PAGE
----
[MUD-Dev] Star Wars Galaxies: 1 character per server

Caliban Tiresias Darklock caliban at darklock.com
Sat Jan 4 18:28:39 New Zealand Daylight Time 2003


From: "Marc Fielding" <fielding at computer.org>

> The topic had subtly changed from "Growing the Market" to "Them
> Damn Complainers!"

Not really. I was questioning whether complainers *actually*
represent a shrinking market share, which is certainly relevant to
growing the market.  If complaints *don't* represent shrinking
market share, then we don't *need* to grow the market. This makes it
much more productive to examine other avenues for growing the
market, rather than whatever is generating the complaints.

> I was just supporting my line of argument against the rising tide
> of "Who cares about the people screaming 'We won't buy it!'"
> comments.

I don't see that you really *have* a line of argument. As I see it,
you would like to play multiple characters, and you have a personal
agenda to convince people that single character systems are not even
an option.  Unfortunately, your argument is subjective, which
relegates it to the status of "complaint" and raises the above
question of whether it is even relevant to the market.

I could be wrong. So far, all I've seen from you is some very
intelligent defense of *your* reasons for wanting to play multiple
characters. I do not, however, see any reasonable argument ot the
effect that this is a good thing for the game's business; your
proposal to pay a small fee for multiple characters on the same
server, for example, is ill-conceived and simply would not work.

My line of argument, on the other hand, is that SCS systems are
inherently more efficient in terms of both cost and customer
satisfaction -- and I can actually demonstrate this mathematically,
at the risk of making people's eyes glaze over. If you're not
interested in the math behind it, just scroll down a bit; the
"almost-finished" area is where I start to blend the mathematical
statements into sensible conclusions that may be of interest.

[BEGIN LONG MATH STUFF]

If you have a server that can handle X number of characters, and
each player can have Y characters on that server, then the average
player will have Z characters such that Z >= 1 and Z <= Y. The
server will then handle X/Z players before you need another
server. The higher you make Y, the higher Z tends to go, and X/Z
shrinks dramatically.

So how many servers do you need? Well, first, we assume that all
servers have equivalent X, Y, and Z values. This isn't because they
*have* to, but because I'm not good at the maths which would work in
any and all situation regardless of complexity. I'd tell you to
trust me, but I'd really rather you *don't* trust me and choose
instead to grab the nearest math guru you *can* trust.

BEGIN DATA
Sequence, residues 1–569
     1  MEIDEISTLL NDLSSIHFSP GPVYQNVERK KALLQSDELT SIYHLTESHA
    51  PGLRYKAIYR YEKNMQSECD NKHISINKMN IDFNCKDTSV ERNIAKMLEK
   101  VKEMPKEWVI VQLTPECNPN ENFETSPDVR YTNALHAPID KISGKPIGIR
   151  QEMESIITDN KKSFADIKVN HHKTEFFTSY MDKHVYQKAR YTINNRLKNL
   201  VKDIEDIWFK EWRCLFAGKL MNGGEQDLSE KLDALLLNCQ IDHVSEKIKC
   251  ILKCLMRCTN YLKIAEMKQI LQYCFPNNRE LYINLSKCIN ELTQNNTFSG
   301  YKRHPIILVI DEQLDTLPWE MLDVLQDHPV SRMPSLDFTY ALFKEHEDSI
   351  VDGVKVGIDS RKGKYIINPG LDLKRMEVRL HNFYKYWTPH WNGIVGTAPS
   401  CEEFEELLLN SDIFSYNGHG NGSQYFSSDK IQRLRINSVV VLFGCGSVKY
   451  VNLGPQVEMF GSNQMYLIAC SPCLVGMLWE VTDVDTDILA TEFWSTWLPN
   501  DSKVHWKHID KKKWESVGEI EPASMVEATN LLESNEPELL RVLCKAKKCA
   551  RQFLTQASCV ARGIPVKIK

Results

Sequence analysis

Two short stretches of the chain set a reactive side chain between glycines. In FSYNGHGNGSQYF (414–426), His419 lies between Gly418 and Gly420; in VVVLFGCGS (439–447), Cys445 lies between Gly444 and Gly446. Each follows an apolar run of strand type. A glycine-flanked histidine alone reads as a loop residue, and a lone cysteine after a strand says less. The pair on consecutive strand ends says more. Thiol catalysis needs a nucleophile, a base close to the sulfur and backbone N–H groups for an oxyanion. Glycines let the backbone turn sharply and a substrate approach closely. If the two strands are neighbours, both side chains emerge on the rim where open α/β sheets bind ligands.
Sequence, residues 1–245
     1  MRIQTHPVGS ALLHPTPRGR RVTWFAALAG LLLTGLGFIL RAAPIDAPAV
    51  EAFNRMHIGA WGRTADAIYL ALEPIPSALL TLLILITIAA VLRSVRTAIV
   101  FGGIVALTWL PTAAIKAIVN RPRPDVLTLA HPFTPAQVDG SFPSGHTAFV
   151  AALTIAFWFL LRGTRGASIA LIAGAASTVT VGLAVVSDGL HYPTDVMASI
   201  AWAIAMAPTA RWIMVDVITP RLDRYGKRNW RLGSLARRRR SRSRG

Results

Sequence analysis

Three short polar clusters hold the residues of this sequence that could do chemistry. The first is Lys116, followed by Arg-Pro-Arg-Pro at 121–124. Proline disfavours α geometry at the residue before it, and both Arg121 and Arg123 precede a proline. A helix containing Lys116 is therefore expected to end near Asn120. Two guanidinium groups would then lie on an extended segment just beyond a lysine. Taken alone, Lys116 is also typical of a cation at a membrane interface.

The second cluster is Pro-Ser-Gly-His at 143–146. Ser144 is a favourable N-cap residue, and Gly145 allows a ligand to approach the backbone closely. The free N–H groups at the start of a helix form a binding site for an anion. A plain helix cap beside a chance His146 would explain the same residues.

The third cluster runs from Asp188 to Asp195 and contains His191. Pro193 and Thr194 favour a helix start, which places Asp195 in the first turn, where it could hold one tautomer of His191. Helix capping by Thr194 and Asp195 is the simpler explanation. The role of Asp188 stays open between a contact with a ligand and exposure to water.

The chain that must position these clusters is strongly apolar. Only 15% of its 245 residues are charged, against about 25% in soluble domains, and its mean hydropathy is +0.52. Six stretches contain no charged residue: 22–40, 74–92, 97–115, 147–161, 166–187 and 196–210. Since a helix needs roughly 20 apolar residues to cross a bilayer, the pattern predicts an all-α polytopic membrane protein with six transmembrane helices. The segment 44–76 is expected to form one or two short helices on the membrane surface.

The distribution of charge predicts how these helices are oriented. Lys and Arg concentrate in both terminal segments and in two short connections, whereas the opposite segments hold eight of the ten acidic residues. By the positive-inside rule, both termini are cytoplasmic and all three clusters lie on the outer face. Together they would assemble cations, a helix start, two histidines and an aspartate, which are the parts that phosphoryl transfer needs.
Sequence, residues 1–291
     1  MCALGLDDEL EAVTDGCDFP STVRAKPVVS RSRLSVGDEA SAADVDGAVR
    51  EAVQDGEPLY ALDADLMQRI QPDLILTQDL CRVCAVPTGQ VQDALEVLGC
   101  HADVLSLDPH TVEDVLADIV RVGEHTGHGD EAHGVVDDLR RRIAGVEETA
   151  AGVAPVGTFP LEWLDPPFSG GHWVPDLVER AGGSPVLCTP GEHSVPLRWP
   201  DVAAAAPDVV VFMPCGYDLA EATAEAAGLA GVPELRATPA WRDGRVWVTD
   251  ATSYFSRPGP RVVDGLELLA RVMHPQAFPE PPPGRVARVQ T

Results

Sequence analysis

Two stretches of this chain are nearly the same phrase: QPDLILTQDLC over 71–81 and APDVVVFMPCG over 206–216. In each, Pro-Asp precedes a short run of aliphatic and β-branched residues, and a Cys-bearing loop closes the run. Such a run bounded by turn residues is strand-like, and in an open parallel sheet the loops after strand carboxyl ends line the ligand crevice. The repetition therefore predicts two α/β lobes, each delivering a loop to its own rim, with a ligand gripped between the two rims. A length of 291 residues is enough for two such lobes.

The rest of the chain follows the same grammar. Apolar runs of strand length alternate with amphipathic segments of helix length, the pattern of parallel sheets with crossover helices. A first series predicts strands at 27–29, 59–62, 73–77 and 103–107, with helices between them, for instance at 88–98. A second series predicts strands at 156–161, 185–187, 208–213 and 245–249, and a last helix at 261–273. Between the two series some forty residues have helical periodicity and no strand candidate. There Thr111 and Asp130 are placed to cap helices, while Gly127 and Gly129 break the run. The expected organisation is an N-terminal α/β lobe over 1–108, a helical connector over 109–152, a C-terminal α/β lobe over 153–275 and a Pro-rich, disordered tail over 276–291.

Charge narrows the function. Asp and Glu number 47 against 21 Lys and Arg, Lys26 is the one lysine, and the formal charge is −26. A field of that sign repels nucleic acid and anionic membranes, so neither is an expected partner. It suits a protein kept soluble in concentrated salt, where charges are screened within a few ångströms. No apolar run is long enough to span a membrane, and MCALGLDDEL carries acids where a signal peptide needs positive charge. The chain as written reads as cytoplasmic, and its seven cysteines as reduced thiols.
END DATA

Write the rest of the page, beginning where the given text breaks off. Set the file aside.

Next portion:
If P is the number of players, you need at least P/X, at most
P/(X/Y), and optimally P/(X/Z) for suitable definitions of "optimal"
-- in this case, "optimal" is used to mean "resources allocated =
resources used"; since we cannot use more resources than we
allocate, this is also the PRACTICAL minimum number of servers. It's
instructive to do a little algebra with this, and to produce the
equivalent equations P/(X/Y) = (P/X)*Y and P/(X/Z) = (P/X)*Z. It
should be pretty obvious that as P goes up, so do all of these, so
more players necessarily means more servers.

But while there is no hard and fast rule that says Z *must* go up
whenever Y goes up, there is no reason to increase Y unless it is
perceived as too low.  This means that at least one player wants to
have at least Y + 1 characters on a server, and therefore that we
can reliably expect Z to increase by at least 1/P and at most
(X*Y)-(X*Z) -- which isn't circular, because Z doesn't go up
*immediately* when Y goes up, no matter what happens. It takes a
nonzero amount of time for a player to create a character, so there
is necessarily a nonzero amount of time between an increase in Y and
an increase in Z, during which we can calculate the maximum
increase.

Let's sum up and introduce some shorthand.

  Players total -- P

  Servers total -- S

  Characters total allowed per server -- X

  Characters per player allowed per server -- Y

  Characters per player actually used per server -- Z

  Maximum players possible on server -- X


  Minimum players possible on server -- X/Y

  Actual players used on server -- X/Z

  Fewest possible servers needed to handle playerbase -- F; 

    F = P/X

  Most possible servers needed to handle playerbase -- M; 

    M = P/(X/Y) = (P/X)*Y

  Optimal servers needed to handle playerbase -- O; 

    O = P/(X/Z) = (P/X)*Z

So our equation is now F <= O <= M; in plain English, the fewest
servers needed are less than or equal to the optimal servers needed,
which are less than or equal to the maximum servers needed. We can
further observe that if O > S, then some existing characters will
not fit on the servers and the game will never work. It is good
business sense to keep S close to O, but *how* close is a complex
issue that depends on a lot of factors which aren't relevant to the
current question. Suffice to say that S will *tend* to be pushed
upward at roughly the same rate as O, over time, but that it will
generally do so in bursts rather than continuously tracking the
current value of O.

It should be obvious that as P goes up, all the server variables
except S necessarily go up with it. (An increase in O *may* mandate
an increase in S, but this is not always necessary.) More players
means you need more servers, and that's all there is to it. It
should also be perfectly obvious that an increase in Y anticipates
an increase in Z; while Z does not necessarily go up whenever Y goes
up, Y only goes up when Z is reasonably expected to go up. When Y
goes up, M goes up. When Z goes up, O goes up.

The implications of this are actually pretty simple when you
consider that P, S, X, and Y are necessarily natural numbers. You
can't have part of a player, you can't have part of a server, and
you can't have part of a character. You can *need* part of one, no
matter what it is, but you would have to *use* a whole one.

We can easily define an SCS game as one where Y = 1, and hence Z =
1. This necessarily makes F, M, and O = P/X. The only variable in
the equation that must be predicted is now P, which greatly